Mignet HM.293 Pou du Ciel (Flying Flea)
French homebuilt single-engine single-seat ultralight aircraft.
Archive Photos 1
Mignet HM.293 Pou du Ciel (Flying Flea) (N4067, s/n F312, destroyed in fire) on display (9/25/2003) at the Yankee Air Museum, Belleville, Michigan (Photos by John Shupek)
The Flying Flea (Pou du Ciel literally "Louse of the Sky" in French) is a large family of light homebuilt aircraft first flown in 1933.
The Flying Flea family of aircraft was designed by Frenchman Henri Mignet.
Between 1920 and 1928, Mignet built various prototypes from the HM.1 to the HM.8, a monoplane that was the first of his designs that really flew. Between 1929 and 1933, he continued building prototypes, and testing them in a large field near Soissons.
Mignet HM.14 2
In 1933, Mignet successfully flew for the first time in his HM.14, the original flying flea, and publicly demonstrated it. In 1934, he published the plans and building instructions in his book Le Sport de l’Air. In 1935, it was translated into English and serialized in Practical Mechanics, prompting hundreds of people to build their own Flying Fleas.
Mignet’s original HM.14 prototype aircraft was powered by a 17 hp (13 kW) Aubier-Dunne 500 cc two stroke motorcycle engine. It had a wingspan of 19.5 feet (5.9 m), a length of 11.5 feet (3.5 m) and a gross weight of 450 lb (204 kg). It had a usable speed range of 25-62 mph (40-100 km/h). In the UK in 1935 and 1936, many aerodynamic and engine developments took place, notably by Stephen Appleby, John Carden and L.E. Baynes.
Mignet made the aircraft intentionally simple. The Flying Flea is essentially a highly staggered biplane, which almost could be considered to be a tandem wing aircraft, built of wood and fabric. The original design was a single-seater, and had two-axis flying controls. The aircraft had a standard control stick. Fore-and-aft movement controlled the front wing’s angle of attack, increasing and decreasing the lift of the wing. Because the front wing was located forward of the center of gravity, that would pitch the nose up and down.
Side-to-side movement of the stick controlled the large rudder. This produced a rolling motion because the wings both had substantial dihedral, through yaw-roll coupling. The rudder had to be quite large not only to produce adequate roll but also because the fuselage was very short, reducing the leverage of the rudder. The Flying Flea, being a two axis aircraft, could not be landed or taken off in substantial crosswinds. This was not a big issue when the aircraft was designed because at that time aircraft were usually flown from large open fields allowing all take-offs and landings into wind.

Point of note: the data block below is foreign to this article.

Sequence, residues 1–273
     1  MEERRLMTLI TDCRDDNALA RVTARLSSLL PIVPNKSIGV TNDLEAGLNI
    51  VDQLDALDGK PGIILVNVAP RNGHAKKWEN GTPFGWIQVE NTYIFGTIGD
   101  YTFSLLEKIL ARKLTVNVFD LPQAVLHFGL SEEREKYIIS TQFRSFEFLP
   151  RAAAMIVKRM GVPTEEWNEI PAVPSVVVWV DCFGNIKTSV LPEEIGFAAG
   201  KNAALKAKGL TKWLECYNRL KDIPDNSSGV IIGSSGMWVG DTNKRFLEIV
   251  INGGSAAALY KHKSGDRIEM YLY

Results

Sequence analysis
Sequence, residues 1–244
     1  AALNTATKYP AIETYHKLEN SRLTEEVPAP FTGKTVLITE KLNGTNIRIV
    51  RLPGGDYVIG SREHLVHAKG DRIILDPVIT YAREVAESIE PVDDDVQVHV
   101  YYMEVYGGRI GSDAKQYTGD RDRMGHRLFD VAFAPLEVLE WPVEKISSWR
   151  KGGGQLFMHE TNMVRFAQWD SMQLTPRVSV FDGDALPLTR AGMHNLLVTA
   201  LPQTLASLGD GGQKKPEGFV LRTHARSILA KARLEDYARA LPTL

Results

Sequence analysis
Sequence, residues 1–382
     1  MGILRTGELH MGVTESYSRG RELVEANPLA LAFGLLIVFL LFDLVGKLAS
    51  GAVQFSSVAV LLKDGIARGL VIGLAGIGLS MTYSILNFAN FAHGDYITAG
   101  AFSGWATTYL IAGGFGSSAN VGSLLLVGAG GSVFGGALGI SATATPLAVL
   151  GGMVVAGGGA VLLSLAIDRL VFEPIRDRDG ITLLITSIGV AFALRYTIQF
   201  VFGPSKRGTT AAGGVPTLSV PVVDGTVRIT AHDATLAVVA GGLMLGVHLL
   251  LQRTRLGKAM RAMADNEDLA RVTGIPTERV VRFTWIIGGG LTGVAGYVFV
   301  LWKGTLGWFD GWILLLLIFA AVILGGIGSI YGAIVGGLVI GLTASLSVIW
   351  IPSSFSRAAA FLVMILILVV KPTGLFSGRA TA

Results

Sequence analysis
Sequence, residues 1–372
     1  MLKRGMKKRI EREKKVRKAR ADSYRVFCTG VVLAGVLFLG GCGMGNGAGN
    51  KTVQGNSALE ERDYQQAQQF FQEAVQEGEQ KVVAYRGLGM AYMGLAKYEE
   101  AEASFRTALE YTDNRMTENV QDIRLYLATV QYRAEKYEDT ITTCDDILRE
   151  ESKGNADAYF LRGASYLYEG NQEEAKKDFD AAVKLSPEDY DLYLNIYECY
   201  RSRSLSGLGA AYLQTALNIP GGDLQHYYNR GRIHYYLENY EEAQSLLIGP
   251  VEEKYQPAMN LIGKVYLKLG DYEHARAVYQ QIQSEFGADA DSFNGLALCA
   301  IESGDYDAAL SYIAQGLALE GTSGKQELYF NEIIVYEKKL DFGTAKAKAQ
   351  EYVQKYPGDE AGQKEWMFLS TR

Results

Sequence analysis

Mignet claimed that anyone who could build a packing case and drive a car could fly a Flying Flea.
The HM.14 led to more than 300 different models of the Flying Flea. Some of these are:
Safety Concerns 2
In the 1930’s, many Fleas crashed when pilots could not recover from shallow dives, resulting in some deaths. As a result, Flying Fleas were grounded and even banned from flight permanently in some countries. In the United Kingdom, restrictions were placed on Flying Fleas, following a fatal crash on 4 May 1936 at an air display at Penshurst Airfield, Kent.
When on approach to land, the pilot would push the stick forward to gain speed for the flare and landing. As speed built up, the rear wing, operating at a greater angle of attack would gain lift and pitch the aircraft’s nose further downward. The pilot’s normal reaction would be to pull Back on the stick. This action would increase the angle of attack on the front wing by lowering the trailing edge of the wing. Because the trailing edge of the front wing was close to the leading edge of the rear wing, the front wing’s downwash would accelerate the air over the rear wing and cause it to gain lift more quickly than the front wing, resulting in an ever increasing nose pitch-down and flight directly into the ground.
Mignet had not encountered this problem during his testing of his prototype, because he could not afford a large horsepower engine. When builders started putting larger engines on them and expanding the flight envelope, the wing interference problem surfaced.
The Royal Aircraft Establishment in the United Kingdom and the French Air Ministry conducted full-scale wind tunnel tests, and discovered the problem. Their investigations resulted in changes to the airfoil used and the spacing of the wings to prevent aerodynamic interference. Later Mignet Flea designs incorporated these changes.
By 1939, there were many improved Flying Fleas in the air, but the aircraft never completely overcame its dangerous reputation.
Amateur Construction 2
Shortly after the plans appeared in 1934, many enthusiasts in Europe and the USA began to build their own aircraft. In France there were at least 500 completed. The average cost of materials was then $350.
Modern aircraft enthusiasts have continued to build their own aircraft, and vary the original HM.14 design and its derivatives over the years, and outside the UK, they are successfully flown in countries like Australia. French enthusiasts, for example, hold an annual meeting every June.
In 2011 Rodolphe Grunberg of Roquefort, France was still offering plans for the HM.293 single-seater for sale.
Specifications (HM.290 Flying Flea) 2
Skytamer.com, Est. 1998